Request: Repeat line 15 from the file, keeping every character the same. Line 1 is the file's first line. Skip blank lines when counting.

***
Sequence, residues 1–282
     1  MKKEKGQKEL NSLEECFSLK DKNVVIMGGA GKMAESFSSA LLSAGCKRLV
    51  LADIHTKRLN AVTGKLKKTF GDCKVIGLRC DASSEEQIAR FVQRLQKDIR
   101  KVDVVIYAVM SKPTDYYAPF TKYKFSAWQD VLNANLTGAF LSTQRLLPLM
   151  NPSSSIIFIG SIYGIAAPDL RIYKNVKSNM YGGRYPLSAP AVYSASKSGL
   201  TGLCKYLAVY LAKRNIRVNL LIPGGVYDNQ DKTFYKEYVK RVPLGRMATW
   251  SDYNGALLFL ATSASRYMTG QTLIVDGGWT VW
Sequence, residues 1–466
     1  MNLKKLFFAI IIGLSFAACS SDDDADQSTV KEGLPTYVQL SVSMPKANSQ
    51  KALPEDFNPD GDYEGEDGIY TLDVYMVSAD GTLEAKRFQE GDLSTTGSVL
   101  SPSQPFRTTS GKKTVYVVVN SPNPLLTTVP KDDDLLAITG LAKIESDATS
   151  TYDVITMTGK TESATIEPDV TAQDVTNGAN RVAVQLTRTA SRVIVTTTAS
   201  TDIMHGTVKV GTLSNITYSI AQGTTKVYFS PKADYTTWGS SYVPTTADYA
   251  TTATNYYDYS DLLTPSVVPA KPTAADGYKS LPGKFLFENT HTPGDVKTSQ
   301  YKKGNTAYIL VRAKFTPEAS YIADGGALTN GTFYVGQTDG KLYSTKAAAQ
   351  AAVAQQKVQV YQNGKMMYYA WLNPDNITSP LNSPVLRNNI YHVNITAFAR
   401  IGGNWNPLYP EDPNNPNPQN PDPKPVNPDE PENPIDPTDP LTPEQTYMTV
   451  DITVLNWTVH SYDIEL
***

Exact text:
   301  YKKGNTAYIL VRAKFTPEAS YIADGGALTN GTFYVGQTDG KLYSTKAAAQ